However, this is not a one-off risk, but rather a cumulative risk over time, as noted in the referenced study. This is akin to the seismic risk on the Hayward Fault that threatens the Delta levees, and is estimated at 62% over the next 30 years. For the the German plants, this cumulative probability over 30 years is 8.4%. Using the Fukushima damages noted in the paper, this represents $25 to $63 billion. Assuming an average annual output of 7,884 GWH, the benefit from risk reduction ranges from $11 to $27 per MWH.

The paper appears to make a further error in using only the short-run nuclear fuel costs of $10 per MWH as representing the avoided costs created by closing the plants. Additional avoided costs include avoided capital additions that accrue with refueling and plant labor and O&M costs. For Diablo Canyon, I calculated in PG&E’s 2019 ERRA proceeding that these costs were close to an additional $20 per MWH. I don’t know the values for the German plants, but clearly they should be significant.

CCAs don’t undermine their mission by taking a share of Diablo Canyon

Northern California community choice aggregators (CCAs) are considering whether to accept an offer from PG&E to allocate a proportionate share of its “large carbon-free” generation as a credit against the power charge indifference adjustment (PCIA) exit fee.  The allocation would include a share of Diablo Canyon power. The allocation for 2019 and 2020; an extension of this allocation is being discussed on the PCIA rulemaking.

The proposal faces opposition from anti-nuclear and local community activists who point to the policy adopted by many CCAs not to accept any nuclear power in their portfolios. However, this opposition is misguided for several reasons, some of which are discussed in this East Bay Community Energy staff report.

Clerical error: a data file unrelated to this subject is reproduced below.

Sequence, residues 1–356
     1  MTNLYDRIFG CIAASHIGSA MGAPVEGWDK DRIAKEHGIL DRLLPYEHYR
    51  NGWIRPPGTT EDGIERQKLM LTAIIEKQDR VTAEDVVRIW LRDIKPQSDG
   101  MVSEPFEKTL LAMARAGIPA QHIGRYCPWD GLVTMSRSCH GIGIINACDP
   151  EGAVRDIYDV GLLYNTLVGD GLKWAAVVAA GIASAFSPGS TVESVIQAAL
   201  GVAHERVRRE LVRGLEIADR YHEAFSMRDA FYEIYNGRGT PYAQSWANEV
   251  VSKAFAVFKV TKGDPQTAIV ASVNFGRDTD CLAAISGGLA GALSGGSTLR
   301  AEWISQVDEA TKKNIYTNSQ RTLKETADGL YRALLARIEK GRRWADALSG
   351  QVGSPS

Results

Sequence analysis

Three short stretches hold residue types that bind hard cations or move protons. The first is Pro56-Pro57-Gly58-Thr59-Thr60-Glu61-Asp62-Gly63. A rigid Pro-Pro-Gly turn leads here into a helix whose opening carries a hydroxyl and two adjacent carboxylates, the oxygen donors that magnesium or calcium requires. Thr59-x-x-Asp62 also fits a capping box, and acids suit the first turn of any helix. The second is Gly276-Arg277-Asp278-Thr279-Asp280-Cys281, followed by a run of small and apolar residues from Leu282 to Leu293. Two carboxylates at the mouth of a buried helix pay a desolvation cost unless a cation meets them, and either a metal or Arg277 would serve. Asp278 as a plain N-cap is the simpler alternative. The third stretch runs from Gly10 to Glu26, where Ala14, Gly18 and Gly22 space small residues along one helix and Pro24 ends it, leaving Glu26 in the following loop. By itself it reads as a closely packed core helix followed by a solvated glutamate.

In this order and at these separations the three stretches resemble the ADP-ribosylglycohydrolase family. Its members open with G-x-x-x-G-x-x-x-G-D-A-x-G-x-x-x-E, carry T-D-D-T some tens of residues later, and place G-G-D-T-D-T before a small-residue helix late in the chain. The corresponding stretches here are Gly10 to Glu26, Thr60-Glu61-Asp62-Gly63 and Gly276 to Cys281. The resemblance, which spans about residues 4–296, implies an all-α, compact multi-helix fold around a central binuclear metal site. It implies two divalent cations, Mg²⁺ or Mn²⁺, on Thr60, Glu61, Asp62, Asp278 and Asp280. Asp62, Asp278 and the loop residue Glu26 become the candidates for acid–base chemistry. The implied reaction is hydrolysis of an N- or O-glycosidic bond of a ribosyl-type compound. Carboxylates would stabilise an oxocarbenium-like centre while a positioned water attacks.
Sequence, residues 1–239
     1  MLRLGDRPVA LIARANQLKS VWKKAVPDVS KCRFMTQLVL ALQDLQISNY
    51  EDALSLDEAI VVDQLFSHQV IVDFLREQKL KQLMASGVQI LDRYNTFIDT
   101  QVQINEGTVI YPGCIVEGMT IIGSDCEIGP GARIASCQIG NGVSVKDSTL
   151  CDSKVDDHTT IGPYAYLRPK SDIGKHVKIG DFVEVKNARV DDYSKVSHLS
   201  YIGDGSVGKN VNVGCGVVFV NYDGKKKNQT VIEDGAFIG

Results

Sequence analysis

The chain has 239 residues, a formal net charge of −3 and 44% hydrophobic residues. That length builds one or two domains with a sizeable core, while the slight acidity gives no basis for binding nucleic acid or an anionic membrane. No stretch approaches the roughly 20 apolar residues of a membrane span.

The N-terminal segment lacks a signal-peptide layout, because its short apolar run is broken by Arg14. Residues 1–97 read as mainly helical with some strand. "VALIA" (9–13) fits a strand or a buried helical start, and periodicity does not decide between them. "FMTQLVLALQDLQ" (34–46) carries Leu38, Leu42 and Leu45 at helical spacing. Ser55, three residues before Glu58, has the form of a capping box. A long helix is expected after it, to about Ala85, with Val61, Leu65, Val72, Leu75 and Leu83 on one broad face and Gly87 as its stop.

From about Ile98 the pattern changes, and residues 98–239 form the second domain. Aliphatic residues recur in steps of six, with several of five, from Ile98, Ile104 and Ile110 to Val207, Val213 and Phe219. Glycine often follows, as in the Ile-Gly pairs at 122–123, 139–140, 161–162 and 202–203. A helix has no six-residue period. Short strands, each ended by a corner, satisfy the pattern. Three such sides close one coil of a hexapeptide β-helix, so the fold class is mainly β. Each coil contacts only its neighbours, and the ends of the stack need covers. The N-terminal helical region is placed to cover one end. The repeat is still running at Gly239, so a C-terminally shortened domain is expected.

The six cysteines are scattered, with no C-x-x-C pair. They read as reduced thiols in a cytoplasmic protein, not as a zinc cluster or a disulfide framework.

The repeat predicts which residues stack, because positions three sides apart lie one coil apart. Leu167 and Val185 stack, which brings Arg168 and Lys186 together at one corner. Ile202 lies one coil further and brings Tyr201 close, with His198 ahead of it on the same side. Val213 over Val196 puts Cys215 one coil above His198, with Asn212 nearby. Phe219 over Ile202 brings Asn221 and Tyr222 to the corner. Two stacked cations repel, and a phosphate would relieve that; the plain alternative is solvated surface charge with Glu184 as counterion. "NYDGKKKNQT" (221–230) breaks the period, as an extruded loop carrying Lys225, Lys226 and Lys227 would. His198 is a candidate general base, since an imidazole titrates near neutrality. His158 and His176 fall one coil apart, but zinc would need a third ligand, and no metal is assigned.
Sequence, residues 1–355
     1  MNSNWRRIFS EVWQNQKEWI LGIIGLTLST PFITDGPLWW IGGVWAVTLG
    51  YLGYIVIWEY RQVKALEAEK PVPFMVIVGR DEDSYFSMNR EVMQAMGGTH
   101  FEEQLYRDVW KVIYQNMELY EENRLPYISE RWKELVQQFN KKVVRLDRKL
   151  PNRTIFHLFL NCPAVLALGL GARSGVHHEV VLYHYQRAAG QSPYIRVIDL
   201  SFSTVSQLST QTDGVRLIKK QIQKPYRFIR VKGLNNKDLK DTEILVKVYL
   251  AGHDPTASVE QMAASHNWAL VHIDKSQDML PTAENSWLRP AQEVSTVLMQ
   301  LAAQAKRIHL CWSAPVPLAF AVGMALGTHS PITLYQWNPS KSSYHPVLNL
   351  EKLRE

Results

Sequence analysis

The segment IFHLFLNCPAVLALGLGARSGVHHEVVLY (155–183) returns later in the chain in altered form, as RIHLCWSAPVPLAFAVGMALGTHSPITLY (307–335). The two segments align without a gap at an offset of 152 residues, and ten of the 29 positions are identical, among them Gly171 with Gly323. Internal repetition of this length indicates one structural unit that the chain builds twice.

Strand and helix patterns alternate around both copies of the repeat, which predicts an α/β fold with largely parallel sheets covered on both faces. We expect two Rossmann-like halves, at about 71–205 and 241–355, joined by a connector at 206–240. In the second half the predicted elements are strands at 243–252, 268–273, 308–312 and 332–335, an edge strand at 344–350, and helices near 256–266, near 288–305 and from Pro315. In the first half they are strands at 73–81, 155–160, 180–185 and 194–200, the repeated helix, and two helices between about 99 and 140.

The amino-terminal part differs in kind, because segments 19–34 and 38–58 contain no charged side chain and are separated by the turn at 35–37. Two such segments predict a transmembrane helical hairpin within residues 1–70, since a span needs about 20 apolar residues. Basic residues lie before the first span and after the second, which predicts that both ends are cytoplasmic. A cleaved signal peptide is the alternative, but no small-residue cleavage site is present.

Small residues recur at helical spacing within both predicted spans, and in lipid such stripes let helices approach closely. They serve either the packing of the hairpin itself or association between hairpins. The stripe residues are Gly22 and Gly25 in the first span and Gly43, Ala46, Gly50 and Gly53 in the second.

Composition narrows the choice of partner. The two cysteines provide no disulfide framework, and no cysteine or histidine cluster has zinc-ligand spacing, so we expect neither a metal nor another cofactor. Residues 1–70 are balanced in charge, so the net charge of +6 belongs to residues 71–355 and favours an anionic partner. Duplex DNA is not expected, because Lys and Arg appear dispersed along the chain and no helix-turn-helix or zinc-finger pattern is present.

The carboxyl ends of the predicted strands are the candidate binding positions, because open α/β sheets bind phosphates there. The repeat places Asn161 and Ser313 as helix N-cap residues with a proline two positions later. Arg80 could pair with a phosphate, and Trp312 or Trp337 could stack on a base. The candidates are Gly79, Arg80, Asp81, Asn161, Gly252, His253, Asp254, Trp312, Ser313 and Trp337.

• The CCAs already receive and pay for nuclear generation as part of the mix of “unspecified” power that the CCAs buy through the California Independent System Operator (CAISO). The entire cost of Diablo Canyon is included in the Total Portfolio Cost used to calculate the PCIA. The CCAs receive a “market value” credit against this generation, but the excess cost of recovering the investment in Diablo Canyon (for which PG&E is receiving double payment based on calculations I made in 1996) is recovered through the PCIA. The CCAs can either continue to pay for Diablo through the PCIA without receiving any direct benefits, or they can at least gain some benefits and potentially lower their overall costs. (CCAs need to be looking at their TOTAL generation costs, not just their individual portfolio, when resource planning.)
  • Diablo Canyon is already scheduled to close Unit 1 in 2024 and Unit 2 in 2025 after a contentious proceeding. This allocation is unlikely to change this decision as PG&E has said that the relicensed plant would cost in excess of $100 per megawatt-hour, well in excess of its going market value. I have written extensively here about how costly nuclear power has been and has yet to show that it can reduce those costs. Unless the situation changes significantly, Diablo Canyon will close then.
  • Given that Diablo is already scheduled for closure, the California Public Utilities Commission (CPUC) is unlikely to revisit this decision. But even so, a decision to either reopen A.16-08-006 or to open a new rulemaking or application would probably take close to a year, so the proceeding probably would not open until almost 2021. The actual proceeding would take up to a year, so now we are to 2022 before an actual decision. PG&E would have to take up to a year to plan the closure at that point, which then takes us to 2023. So at best the plant closes a year earlier than currently scheduled. In addition, PG&E still receives the full payments for its investments and there is likely no capital additions avoided by the early closure, so the cost savings would be minimal.